Econet Finally Backs Down to Potraz Demands, Unveils Expensive Data Bundles

Econet Wireless Zimbabwe has finally adjusted its mobile data tarrifs after the telecommunications regulator the Postal and Telecommunications Regulatory Authority of ZImbabwe (Potraz) instructed all operators to operate within a fixed floor system.

All other mobile operators had already terminated their data packages in line with the new regulations and Econet was the last since their expiration date came in to effect recently. NetOne was the first mobile network to terminate its popular data bundles which offered 300mb for a dollar over 48hrs while Telecel had their 270mb over 24hrs all being terminated in the last few months.

By TechnoMag Reporter

Econet with immediate effect  activated their new data tarrifs which makes them the most expensive  on the market,  as Netone and Telecel have gone low to announce their new tariffs since the Promos have been scrapped.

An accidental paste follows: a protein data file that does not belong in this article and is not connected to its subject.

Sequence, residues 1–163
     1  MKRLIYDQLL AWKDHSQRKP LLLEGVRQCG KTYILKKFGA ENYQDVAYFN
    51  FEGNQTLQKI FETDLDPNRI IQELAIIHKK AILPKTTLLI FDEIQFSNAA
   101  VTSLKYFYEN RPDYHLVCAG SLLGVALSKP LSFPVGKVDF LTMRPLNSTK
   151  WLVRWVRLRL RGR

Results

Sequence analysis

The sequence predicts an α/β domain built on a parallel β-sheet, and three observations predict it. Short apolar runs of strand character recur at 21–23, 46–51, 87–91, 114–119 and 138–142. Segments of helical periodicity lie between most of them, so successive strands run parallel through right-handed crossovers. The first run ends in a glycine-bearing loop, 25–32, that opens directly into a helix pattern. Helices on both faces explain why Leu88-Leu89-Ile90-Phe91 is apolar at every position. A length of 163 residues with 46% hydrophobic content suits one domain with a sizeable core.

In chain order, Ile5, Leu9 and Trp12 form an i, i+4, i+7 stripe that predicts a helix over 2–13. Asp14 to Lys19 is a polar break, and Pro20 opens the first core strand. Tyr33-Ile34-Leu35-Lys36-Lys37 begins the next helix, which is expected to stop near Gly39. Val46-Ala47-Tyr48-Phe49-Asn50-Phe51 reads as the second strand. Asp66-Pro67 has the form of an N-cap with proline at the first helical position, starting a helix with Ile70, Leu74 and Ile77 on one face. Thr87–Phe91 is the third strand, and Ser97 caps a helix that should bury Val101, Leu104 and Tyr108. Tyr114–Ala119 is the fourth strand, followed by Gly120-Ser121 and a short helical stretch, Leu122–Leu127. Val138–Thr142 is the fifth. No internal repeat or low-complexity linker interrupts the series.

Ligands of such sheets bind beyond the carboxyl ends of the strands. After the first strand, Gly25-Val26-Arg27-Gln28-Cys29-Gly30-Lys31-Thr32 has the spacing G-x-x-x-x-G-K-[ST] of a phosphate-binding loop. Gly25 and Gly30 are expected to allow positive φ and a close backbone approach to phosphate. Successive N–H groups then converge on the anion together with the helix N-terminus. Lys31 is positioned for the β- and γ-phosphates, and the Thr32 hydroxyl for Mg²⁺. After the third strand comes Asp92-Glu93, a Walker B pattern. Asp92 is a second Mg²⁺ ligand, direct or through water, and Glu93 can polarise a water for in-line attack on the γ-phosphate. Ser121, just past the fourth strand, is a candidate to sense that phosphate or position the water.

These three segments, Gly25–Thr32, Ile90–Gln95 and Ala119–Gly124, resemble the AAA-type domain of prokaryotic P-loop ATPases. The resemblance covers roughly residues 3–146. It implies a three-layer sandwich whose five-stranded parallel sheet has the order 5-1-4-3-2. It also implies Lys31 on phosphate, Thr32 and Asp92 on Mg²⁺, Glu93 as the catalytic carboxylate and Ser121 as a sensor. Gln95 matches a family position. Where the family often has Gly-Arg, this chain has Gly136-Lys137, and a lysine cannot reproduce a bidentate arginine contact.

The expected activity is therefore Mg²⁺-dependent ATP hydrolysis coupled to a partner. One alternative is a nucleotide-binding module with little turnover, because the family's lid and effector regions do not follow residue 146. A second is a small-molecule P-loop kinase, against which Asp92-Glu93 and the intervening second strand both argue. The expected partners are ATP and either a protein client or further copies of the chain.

Strangley,  it should not with Potraz interest to help the the operators become more profitable. Setting minimum tariffs should be the Jurisdiction of the operators themselves, while competition should be allowed to take natural discourse.

Econet Wireless New Data rates

A dollar gets you 10 MB plus the bonus 10 MB on WiFi and the highest amount of data you can get (2.5 GB plus 2.5 GB bonus on WiFi) now costs $50.

Econet technically  removed the promotional tarrifs and reintroduced standard Data tarrifs which means a $1 can only buy  10mb plus extra 10mb of data.  Their WhatsApp bundle which was only offering 90MB of data was already not good enough compared to the unlimited packages which their competitors was offering

According  Chronicle, POTRAZ Director General, Dr Gift Machengete, admitted that subscribers weren’t consulted since the considerations which were made were for the costs of service provision which are relevant to service providers only.

Protective of the interests of mobile network operators, Machengete said Econet , NetOne and Telecel on the other hand were consulted and they had in fact proposed floor prices of between 1 cent and 5 cents per megabyte (MB). This would have resulted in an even higher tariff increase.

Dr Machengete also justified the high cost of internet citing issues like Zimbabwe’s landlocked nature, the low national population that negates opportunities for volume discounts plus the duplication of infrastructure.

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